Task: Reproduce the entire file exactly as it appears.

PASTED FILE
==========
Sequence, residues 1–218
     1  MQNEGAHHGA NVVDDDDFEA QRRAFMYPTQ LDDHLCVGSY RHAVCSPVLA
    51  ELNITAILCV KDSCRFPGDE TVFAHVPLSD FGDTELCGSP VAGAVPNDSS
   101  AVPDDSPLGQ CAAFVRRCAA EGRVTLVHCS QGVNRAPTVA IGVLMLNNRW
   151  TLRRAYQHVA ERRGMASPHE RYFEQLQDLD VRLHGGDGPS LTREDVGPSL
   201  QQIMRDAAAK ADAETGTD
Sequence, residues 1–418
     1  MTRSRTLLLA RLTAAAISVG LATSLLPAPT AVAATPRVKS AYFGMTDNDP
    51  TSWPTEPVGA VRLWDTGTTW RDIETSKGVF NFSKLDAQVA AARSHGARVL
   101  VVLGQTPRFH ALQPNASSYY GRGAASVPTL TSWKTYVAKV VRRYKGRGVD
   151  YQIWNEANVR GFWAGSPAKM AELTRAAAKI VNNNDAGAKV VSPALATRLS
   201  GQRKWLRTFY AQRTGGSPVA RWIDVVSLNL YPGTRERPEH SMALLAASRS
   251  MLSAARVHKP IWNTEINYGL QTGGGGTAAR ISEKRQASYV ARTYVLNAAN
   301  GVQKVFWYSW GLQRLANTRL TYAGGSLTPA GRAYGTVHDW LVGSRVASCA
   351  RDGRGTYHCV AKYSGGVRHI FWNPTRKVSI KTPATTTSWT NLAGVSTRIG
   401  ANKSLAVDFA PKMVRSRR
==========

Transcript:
Sequence, residues 1–218
     1  MQNEGAHHGA NVVDDDDFEA QRRAFMYPTQ LDDHLCVGSY RHAVCSPVLA
    51  ELNITAILCV KDSCRFPGDE TVFAHVPLSD FGDTELCGSP VAGAVPNDSS
   101  AVPDDSPLGQ CAAFVRRCAA EGRVTLVHCS QGVNRAPTVA IGVLMLNNRW
   151  TLRRAYQHVA ERRGMASPHE RYFEQLQDLD VRLHGGDGPS LTREDVGPSL
   201  QQIMRDAAAK ADAETGTD
Sequence, residues 1–418
     1  MTRSRTLLLA RLTAAAISVG LATSLLPAPT AVAATPRVKS AYFGMTDNDP
    51  TSWPTEPVGA VRLWDTGTTW RDIETSKGVF NFSKLDAQVA AARSHGARVL
   101  VVLGQTPRFH ALQPNASSYY GRGAASVPTL TSWKTYVAKV VRRYKGRGVD
   151  YQIWNEANVR GFWAGSPAKM AELTRAAAKI VNNNDAGAKV VSPALATRLS
   201  GQRKWLRTFY AQRTGGSPVA RWIDVVSLNL YPGTRERPEH SMALLAASRS
   251  MLSAARVHKP IWNTEINYGL QTGGGGTAAR ISEKRQASYV ARTYVLNAAN
   301  GVQKVFWYSW GLQRLANTRL TYAGGSLTPA GRAYGTVHDW LVGSRVASCA
   351  RDGRGTYHCV AKYSGGVRHI FWNPTRKVSI KTPATTTSWT NLAGVSTRIG
   401  ANKSLAVDFA PKMVRSRR